Suggested Questions for Officer/Agent Who Lifted Fingerprints: 

1.  Please state your name. 

2.  Where are you employed and what is your position there? 

3.  How long have you worked with (name agency)? 

4.  What are your job responsibilities? 

5.  What training, both practical and formal, have you had in lifting latent fingerprints? (Because palmprint evidence is subject to the same rules as fingerprints, similar questions may be used.) 

6.  How many latent prints would you say that you have lifted over the past years as (name position)? 

7.  What does it mean to process an item for latent prints and how is that done? 

8.  Did you process (item processed) on (date) for latent prints? 

9.  What did you do? 

10.  Did you lift any latent prints from (item processed)? 

11.  From what area of the (item processed) did you lift the prints? 

12.  What type of surface was it? 

13.  I show you what has been marked as State’s Exhibit number ___ (latent prints) and ask if you recognize it? 

14.  What is it? 

15.  How are you able to identify it? 

16.  Does your handwriting appear on it? 

17.  When did you write on it? 

18.  What did you do with these latent prints after they were lifted? 

19.  I show you what has been marked as State’s Exhibit number ___ (defendant’s fingerprint card) and ask if you recognize it? 

20.  What is it? 

21.  What, if anything did you do with State’s Exhibit number ___ (defendant’s fingerprint card)? 

22.  On what date did you do that? 

Suggested Questions for Fingerprint Identification/Comparison Expert: 

1.  Please state your name. 

2.  Where are you employed and what is your position there? 

3.  How long have you worked with (name of agency)? 

4.  What are your job responsibilities? 

5.  What training, if any, have you had in fingerprint and latent print comparison and identification? (Because palmprint evidence is subject to same rules as fingerprints, similar questions may be used.) 

6.  Have you continued your training and study to keep up-to-date on new techniques in this area? 

7.  What is a latent print? 

8.  What is an inked print or known fingerprint impression? 

9.  Have you identified people by comparing latent fingerprints with their own inked fingerprints? 

10.  Approximately how many times? Approximately how many latent fingerprints would you say that you have compared and identified with known inked prints or impressions?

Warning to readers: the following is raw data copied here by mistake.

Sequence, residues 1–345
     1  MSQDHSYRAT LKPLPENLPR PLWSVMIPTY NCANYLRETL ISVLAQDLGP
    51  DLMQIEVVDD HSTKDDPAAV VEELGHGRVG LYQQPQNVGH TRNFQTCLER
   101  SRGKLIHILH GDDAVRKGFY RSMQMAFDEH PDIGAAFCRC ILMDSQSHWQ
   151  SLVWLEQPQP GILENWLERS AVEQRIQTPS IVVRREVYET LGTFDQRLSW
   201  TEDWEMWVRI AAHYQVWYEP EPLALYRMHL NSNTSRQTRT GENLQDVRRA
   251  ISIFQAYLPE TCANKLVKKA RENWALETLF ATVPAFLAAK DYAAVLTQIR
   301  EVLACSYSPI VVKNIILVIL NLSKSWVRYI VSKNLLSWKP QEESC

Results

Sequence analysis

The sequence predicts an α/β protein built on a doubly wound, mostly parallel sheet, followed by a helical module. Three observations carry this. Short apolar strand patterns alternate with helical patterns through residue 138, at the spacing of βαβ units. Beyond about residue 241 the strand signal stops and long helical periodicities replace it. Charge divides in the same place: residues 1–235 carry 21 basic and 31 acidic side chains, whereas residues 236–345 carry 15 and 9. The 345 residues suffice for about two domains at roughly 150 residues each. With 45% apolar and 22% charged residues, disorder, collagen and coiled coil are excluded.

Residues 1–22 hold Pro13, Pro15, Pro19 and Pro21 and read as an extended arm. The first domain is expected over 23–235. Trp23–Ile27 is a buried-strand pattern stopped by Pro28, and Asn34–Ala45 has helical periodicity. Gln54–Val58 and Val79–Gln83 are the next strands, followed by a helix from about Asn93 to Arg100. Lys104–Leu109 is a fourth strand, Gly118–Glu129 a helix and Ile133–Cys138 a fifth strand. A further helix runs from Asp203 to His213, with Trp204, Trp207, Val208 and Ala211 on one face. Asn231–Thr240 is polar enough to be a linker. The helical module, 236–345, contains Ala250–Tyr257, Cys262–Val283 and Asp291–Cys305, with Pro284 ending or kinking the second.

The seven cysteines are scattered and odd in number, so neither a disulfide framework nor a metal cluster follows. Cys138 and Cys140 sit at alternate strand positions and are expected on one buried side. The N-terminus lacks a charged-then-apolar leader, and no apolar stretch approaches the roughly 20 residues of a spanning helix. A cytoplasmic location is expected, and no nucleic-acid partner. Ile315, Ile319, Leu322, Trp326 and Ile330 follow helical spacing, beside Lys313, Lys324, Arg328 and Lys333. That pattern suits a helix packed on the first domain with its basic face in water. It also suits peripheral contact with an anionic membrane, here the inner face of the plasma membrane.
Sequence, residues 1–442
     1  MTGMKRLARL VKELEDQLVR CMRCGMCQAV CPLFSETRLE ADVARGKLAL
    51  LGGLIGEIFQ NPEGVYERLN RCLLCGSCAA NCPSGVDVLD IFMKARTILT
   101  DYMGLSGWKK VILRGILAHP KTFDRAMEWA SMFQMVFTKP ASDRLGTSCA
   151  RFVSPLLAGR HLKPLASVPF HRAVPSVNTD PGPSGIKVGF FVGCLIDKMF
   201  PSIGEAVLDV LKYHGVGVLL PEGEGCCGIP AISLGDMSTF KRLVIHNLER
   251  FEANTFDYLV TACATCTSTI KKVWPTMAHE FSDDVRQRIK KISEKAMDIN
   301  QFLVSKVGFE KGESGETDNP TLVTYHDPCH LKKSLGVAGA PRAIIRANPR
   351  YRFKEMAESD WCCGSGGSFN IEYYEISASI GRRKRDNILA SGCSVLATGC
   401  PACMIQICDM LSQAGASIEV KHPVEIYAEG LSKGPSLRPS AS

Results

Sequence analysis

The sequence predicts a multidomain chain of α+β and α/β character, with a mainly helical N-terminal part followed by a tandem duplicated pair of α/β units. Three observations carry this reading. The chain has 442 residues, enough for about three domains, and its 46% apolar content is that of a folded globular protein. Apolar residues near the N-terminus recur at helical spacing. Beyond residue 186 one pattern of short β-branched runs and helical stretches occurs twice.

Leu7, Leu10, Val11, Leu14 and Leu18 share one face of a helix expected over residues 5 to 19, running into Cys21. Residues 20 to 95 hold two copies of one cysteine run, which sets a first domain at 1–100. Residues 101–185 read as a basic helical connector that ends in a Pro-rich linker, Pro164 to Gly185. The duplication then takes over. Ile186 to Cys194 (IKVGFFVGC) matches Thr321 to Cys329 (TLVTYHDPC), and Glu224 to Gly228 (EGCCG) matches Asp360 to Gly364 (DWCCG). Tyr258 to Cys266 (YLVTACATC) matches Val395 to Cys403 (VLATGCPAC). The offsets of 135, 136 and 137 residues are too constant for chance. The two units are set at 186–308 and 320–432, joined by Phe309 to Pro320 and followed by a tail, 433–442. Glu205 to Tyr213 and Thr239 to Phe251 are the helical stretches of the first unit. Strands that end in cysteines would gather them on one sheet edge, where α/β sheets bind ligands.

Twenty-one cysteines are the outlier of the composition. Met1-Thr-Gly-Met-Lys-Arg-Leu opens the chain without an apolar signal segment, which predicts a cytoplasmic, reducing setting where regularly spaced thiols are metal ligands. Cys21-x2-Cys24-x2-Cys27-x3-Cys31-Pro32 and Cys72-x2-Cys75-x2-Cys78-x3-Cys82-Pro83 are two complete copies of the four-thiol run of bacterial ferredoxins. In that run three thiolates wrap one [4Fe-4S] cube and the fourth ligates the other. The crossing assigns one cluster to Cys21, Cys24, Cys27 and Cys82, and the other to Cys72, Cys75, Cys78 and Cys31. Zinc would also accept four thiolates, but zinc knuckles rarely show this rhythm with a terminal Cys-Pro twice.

11.  [Check with expert before trial.] Have you previously testified in court as an expert concerning the identification of people based on fingerprint comparison? 

12.  How many times, and in what courts? 

Tender witness to the court as an expert in fingerprint identification. 

13.  Are there distinguishing characteristics of a fingerprint? 

14.  What are they? 

15.  How is it possible for a person to leave fingerprints? 

16.  Is it possible for a person to touch a surface and not leave a fingerprint? 

17.  Why? 

18.  How are latent prints compared with known inked prints? 

19.  How is it possible to use fingerprints to identify an individual? 

20.  Is the use of fingerprints to identify individuals generally accepted as a scientifically reliable method of identification? 

21.  Based upon your training and study and your years of experience in fingerprint analysis, have you ever known two people to have the same fingerprints? 

Mark as consecutive state’s exhibits any latent prints and inked impression of defendant’s prints. 

22.  I show you what has been marked as State’s Exhibit number ___ (latent prints) and ask you if you can identify it? 

23.  How are you able to identify it? 

24.  When and from whom did you receive State’s Exhibit number ___ (latent prints)? 

25.  I show you what has been marked as State’s Exhibit number ___ (inked impression of defendant’s fingerprints) and ask if you recognize it? 

26.  What is it? 

27.  How are you able to identify it? 

28.  When and from whom did you receive it? 

[Note: The print card will typically be admissible as a business record under Rule 803(6). If the defense objects that the fingerprint card is prejudicial because it informs the jury that the defendant had a prior arrest, the card may be redacted to remove any references to the prior offense, and the witness may describe it in general terms such as “fingerprints that were collected from the defendant as part of our regular procedures in an unrelated matter.”]  

29.  Did you examine the latent prints, Exhibit number ___, and compare them with the defendant’s inked prints, State’s Exhibit number ___? 

[Note: Charts of enlargements of latent and inked fingerprints are not routinely prepared by the analyst in every case. If fingerprint evidence is crucial to your case and the offense is serious, request that the expert prepare enlargements and use them while testifying in court. Question 29 is appropriate only when charted enlargements are used.]  

30.  Using the charted enlargement, can you illustrate how you conducted your comparison? 

Ask the court to permit the expert witness to refer to the exhibits while testifying in order to illustrate or help explain his or her testimony to the jury. 

31.  As a result of your examination and comparison of the latent prints with the known inked prints of the defendant, and based on the identifiable/individual characteristics between the latent prints and defendant’s inked prints, did you reach a conclusion about the identity of the latent print? 

32.  Based upon your experience and training in the field of fingerprint identification, do you have an opinion whether the defendant made the latent print as shown in State’s Exhibit number ____? 

33.  What is your opinion? 

Move to introduce all exhibits into evidence.